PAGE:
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Seeds on the Run: A Model of Seed Dispersal. Sara Garnett, Michael Kuczynski , Anne Royer GK-12 workshop 12/5/12. On the run?. Most organisms don’t spend their whole lives in the place they were born Dispersal: movement of organisms away from a given population or parent Natal, adult

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Seeds on the Run: A Model of Seed Dispersal


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    1. Seeds on the Run:A Model of Seed Dispersal Sara Garnett, Michael Kuczynski, Anne Royer GK-12 workshop 12/5/12

    2. On the run? • Most organisms don’t spend their whole lives in the place they were born • Dispersal: movement of organisms away from a given population or parent • Natal, adult • Many reasons dispersal may be beneficial

    3. Reasons for Dispersal Natal dispersal Adult dispersal Reduce competition with relatives Avoid inbreeding Find better habitat, resources

    4. Plants disperse too!

    5. Effects of Dispersal • Clear benefits to dispersal • Avoid inbreeding • Reduce competition, lower population densities • Make use of better habitats • Why is there variation in dispersal ability? • How does this variation affect communities?

    6. Why does dispersal matter? In the early 1970s, two ecologists were trying to figure out why the many species of trees found in tropical forests were so evenly distributed. They started with dispersal. Winnie Hallwachs Westsocnat.com Dan Janzen Joseph Connell

    7. Null hypothesis Two mature trees growing in a forest are setting and dispersing lots of seed. Where would you expect most of the resulting seedlings to grow? aha-soft.com archigraphs.com

    8. Null hypothesis Seeds, and seedlings, end up mostly clustered under the parent tree. aha-soft.com archigraphs.com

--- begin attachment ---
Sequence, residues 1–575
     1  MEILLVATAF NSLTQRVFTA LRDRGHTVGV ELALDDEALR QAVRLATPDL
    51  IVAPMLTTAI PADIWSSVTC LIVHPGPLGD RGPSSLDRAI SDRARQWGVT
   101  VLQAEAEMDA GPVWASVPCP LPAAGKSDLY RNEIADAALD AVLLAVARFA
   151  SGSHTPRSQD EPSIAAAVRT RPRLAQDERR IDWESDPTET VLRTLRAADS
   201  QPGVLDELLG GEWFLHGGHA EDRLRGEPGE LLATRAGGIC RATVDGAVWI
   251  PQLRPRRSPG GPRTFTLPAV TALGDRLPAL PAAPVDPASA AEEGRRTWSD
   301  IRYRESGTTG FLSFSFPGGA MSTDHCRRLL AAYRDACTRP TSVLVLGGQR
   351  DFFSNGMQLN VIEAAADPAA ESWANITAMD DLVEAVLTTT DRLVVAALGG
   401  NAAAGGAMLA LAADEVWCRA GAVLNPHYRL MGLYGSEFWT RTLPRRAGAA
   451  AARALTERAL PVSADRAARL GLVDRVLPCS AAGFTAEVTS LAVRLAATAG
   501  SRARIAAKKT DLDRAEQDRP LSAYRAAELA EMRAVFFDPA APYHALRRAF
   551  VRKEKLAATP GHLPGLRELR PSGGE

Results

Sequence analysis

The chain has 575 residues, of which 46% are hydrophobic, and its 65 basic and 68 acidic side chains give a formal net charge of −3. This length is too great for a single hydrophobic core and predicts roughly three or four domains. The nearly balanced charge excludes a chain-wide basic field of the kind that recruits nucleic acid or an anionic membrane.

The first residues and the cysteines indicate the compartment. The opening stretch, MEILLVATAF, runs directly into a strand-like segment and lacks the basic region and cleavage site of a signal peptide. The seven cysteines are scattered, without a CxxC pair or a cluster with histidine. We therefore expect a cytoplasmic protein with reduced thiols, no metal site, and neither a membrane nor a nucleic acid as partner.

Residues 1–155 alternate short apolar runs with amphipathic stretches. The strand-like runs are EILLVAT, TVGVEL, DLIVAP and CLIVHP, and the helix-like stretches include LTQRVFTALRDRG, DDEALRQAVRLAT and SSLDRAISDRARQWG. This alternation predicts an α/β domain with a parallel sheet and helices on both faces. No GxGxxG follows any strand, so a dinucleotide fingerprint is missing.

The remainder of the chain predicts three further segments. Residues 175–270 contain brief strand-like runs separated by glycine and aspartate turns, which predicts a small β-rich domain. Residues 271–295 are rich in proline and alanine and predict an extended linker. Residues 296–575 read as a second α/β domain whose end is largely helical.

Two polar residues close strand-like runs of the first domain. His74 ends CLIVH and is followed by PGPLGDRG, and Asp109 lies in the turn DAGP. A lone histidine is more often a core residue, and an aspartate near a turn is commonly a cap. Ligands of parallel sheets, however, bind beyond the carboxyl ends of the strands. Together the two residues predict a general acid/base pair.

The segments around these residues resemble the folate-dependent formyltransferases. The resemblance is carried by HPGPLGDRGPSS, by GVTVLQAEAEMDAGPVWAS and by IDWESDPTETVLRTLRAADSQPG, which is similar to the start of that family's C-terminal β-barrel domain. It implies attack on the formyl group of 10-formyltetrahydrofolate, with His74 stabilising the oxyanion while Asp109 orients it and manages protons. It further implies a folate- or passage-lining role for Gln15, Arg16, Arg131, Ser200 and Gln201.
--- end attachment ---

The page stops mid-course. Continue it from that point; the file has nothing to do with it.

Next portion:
9. Predict It! (Graph #1) Number of seedlings near far Distance from mother tree

    10. Null hypothesis If we assume dispersal alone dictates where adult trees will be, what distribution of adult trees would this result in? aha-soft.com archigraphs.com

    11. Null hypothesis aha-soft.com aha-soft.com aha-soft.com archigraphs.com archigraphs.com archigraphs.com

    12. Null hypothesis – fail! What we actually see looks more like this. aha-soft.com aha-soft.com aha-soft.com archigraphs.com archigraphs.com archigraphs.com

    13. What could turn this into this? aha-soft.com aha-soft.com aha-soft.com aha-soft.com archigraphs.com archigraphs.com archigraphs.com archigraphs.com

    14. HINT #1 the tropics are full of diversity, but it’s not all spider monkeys and morpho butterflies

    15. HINT #2 • Specialist organisms are especially common in the tropics – many herbivores and disease organisms tend to attack a single victim species. • Do you think they would prefer to feed in high-density or low-density patches? aha-soft.com archigraphs.com

    16. Predict It! (Graph #2) Likelihood of seedling survival high low Seedling density

    17. The Janzen-Connell Hypothesis • Most seeds fall near the tree • Specialist diseases and herbivores will be more abundant in those high-density areas • Seedlings near the parent tree will experience higher mortality rates • Rare seeds that disperse far are most likely to survive to adulthood

    18. The Janzen-Connell Hypothesis Janzen 1970 I = # seeds per unit area P = probability that seed will mature PRC = “Population Recruitment Curve,” I*P. The likelihood of an adult tree ending up there.

    19. Can we use these assumptions to build a model (game) that works (produces predicted results)? • Your seeds are more likely to land close to the mother tree • Seeds that land close to the tree are more likely to have bad things happen to them

    20. The Environment • The game board consists of three zones representing different distances of dispersal from the parent plant 1 2 3

    21. Game pieces (aka: fun with tiddlywinks!) • Seeds/plants are represented by tiddlywinks • When you begin your turn you take control of a new seed • Role a die to see how far the seed disperses • 1-3 = Zone 1 • 4,6 = Zone 2 • 6 = Zone 3 =

    22. Decide your fate! • After your seed has dispersed draw a fate card to see what will happen to your seed • If you have any other plants on the board they must also draw a fate card

    23. End of the game • After each player has gone through 10 turns the game ends

    24. Time to graph! • Add up the number of seeds/plants in each zone and graph this data • Calculate the average height (number of tiddlywinks) for the plants in each zone and graph this data • Report your group’s data to the entire class so we can create graphs of the pooled data

    25. Extensions • Do you think our game-model worked – produced results that reflect the hypothesis? If not, what would you change to make it work? (This is the process theoretical biologists use!) • Can you think of other mechanisms that could create this pattern? How would you model them in game form?